Regarding “chromatic aberration,” we have some exciting news on that front too. We have been working with the projector manufacturers in incorporating Electronic Color Correction (ECC) to eliminate CA by dialing it out electronically. Certain projectors from Epson, Sony and JVC already have this capability and we are working with the projector industry as a whole to make this a standard feature going forward.
Sorry to sound like an old curmudgeon, but... I think I'm hearing a bit of snake oil being talked around here today.
Using projector CA compensation is the wrong way to go in my opinion, and probably won't work anyway. You limit your product to the range of projectors that have a chromatic aberration correction option. In any case the correction is mostly only in whole pixels, while chromatic aberration doesn't conveniently conform to that phenomenon, as well as being non-uniform from mid to edge of screen, and differently manifested on each side of the screen. I can't see a simple software pixel tweak working at all. At best a very slight improvement, if that.
Regarding single prism elements (as opposed to doublets), you'll always have chromatic aberration with them, and you can see it pretty readily. Unfortunately Gary Lightfoot is incorrect in his information that a "coating" (that Prismasonic is supposed to have applied to its prisms) can cure color aberration. It cannot, at all. Coatings are anti-reflection, not anti-color aberration measures. You need a prism or lens made of two different glasses ("crown" and "flint") to do that. There's no way around it except to have long throws, WAY longer than Home Cinema throws. I'm talking over 60 feet. At 15 feet, forget it.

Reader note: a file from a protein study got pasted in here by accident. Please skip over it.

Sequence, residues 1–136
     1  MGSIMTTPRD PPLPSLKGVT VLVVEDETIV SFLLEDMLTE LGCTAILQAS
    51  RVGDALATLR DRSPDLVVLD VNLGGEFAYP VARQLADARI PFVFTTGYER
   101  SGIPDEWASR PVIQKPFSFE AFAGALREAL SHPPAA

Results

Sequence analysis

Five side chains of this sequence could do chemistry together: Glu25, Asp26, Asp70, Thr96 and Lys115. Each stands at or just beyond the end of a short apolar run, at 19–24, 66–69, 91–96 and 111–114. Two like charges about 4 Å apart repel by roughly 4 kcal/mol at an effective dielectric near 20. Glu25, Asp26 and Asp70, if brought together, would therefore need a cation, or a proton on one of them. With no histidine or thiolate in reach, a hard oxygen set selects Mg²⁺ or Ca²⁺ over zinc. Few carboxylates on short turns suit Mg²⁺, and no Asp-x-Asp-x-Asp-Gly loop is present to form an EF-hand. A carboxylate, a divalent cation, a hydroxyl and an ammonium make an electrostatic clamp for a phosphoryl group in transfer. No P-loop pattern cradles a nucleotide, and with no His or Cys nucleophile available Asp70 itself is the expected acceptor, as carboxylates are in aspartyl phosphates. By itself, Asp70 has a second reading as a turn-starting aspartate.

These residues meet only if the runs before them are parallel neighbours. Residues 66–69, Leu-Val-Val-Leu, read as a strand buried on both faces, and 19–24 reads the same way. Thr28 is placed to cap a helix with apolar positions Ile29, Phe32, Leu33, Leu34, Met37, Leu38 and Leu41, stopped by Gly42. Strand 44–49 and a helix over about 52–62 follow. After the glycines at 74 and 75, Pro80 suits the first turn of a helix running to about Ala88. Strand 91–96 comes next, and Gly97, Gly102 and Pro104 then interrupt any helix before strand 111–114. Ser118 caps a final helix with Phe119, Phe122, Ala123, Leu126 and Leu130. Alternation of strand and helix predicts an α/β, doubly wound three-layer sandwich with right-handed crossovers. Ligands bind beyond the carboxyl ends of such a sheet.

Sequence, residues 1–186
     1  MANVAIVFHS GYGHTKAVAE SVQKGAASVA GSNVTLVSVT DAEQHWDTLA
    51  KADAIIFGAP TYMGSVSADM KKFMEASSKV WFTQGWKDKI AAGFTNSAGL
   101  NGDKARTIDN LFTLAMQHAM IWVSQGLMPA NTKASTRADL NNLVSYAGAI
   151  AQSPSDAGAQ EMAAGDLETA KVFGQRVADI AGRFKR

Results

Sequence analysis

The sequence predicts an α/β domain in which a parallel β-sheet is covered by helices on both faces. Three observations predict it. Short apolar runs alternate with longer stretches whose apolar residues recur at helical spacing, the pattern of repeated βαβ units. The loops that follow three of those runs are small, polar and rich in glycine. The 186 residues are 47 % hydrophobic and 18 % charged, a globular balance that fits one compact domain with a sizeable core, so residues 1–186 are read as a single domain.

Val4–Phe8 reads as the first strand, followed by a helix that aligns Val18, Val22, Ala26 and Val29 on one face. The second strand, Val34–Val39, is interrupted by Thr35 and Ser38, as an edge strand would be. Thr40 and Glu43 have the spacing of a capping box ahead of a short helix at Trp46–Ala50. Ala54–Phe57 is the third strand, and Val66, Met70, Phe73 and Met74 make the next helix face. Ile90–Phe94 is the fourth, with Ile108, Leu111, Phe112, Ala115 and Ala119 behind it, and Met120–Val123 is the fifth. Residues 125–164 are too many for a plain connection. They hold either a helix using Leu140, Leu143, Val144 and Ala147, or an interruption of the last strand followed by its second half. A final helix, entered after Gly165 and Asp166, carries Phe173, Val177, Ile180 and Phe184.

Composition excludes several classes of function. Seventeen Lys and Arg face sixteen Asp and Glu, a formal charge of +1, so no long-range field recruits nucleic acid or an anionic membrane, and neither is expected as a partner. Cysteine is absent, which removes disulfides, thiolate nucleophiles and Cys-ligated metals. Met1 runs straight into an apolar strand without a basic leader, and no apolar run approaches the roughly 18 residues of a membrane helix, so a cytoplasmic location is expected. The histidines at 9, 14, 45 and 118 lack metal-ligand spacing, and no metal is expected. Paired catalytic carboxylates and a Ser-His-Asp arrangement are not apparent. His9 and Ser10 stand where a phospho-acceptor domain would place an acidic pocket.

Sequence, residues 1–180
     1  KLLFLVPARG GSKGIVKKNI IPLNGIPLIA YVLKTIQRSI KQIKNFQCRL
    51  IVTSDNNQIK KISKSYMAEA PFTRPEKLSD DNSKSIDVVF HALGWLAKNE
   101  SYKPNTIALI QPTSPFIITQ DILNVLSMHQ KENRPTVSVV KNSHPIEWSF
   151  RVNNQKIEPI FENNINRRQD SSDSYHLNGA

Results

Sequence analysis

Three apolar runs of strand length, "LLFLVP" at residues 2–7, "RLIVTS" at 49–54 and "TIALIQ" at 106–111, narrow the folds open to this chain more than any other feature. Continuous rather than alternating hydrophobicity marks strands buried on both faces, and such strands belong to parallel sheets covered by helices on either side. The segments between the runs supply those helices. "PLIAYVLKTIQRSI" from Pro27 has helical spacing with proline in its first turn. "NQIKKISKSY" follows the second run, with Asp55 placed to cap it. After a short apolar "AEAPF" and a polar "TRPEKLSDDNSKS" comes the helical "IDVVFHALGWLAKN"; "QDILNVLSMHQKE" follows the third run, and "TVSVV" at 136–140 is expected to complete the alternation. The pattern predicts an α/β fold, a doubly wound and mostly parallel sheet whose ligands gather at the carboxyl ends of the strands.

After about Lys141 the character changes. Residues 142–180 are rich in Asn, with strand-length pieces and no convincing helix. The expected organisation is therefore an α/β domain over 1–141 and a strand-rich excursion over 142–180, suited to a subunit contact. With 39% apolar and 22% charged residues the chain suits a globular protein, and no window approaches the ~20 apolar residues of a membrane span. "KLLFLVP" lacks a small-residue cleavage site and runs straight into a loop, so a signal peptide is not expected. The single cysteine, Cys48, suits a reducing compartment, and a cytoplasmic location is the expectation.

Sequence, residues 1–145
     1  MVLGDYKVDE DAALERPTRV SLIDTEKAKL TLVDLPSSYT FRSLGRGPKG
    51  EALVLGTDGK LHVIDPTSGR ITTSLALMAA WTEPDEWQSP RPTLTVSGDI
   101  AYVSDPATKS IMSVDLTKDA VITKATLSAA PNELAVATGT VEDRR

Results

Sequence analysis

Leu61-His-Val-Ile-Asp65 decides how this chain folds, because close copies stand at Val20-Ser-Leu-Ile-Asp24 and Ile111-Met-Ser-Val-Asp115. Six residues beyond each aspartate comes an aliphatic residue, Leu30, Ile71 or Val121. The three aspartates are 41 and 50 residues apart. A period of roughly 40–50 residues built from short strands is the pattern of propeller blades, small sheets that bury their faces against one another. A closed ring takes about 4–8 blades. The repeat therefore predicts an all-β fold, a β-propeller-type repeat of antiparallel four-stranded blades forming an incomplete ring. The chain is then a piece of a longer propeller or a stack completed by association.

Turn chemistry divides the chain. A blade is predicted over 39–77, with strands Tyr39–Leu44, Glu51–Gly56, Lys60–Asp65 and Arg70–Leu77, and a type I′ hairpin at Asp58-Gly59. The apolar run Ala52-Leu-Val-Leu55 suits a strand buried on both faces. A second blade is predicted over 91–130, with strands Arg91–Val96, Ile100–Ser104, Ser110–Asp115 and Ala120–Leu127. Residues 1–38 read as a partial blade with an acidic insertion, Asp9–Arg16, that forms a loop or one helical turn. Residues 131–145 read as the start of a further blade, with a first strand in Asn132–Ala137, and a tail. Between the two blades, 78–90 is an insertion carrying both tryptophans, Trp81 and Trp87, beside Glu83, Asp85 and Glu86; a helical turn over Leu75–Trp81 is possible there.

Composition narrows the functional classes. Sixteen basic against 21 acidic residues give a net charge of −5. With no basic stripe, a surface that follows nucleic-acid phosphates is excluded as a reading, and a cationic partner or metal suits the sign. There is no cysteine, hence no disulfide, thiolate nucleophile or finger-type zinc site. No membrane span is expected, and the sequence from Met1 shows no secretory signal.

It sounds like there's some curvature built into one or both of the prism faces if there's no separate "corrector" lens. If so, then this is by definition a fixed
system, so will only work within a modest range of throw distances. You cannot have astigmatism correction that works at a wide range of throws without employing at least two lenses, with a variable air gap. Either that, or you've reinvented the science of optics. Fixed correction systems have only one perfect focus point. Move away from that and your image suffers. It's up to the user to decide how much they'll put up with.
I guess what I'm saying is that if you want to buy an anamorphic projection lens for under $1500, don't expect that it's solved color aberration and cured astigmatism for that price. There is no magic in this, only over-optimistic expectations.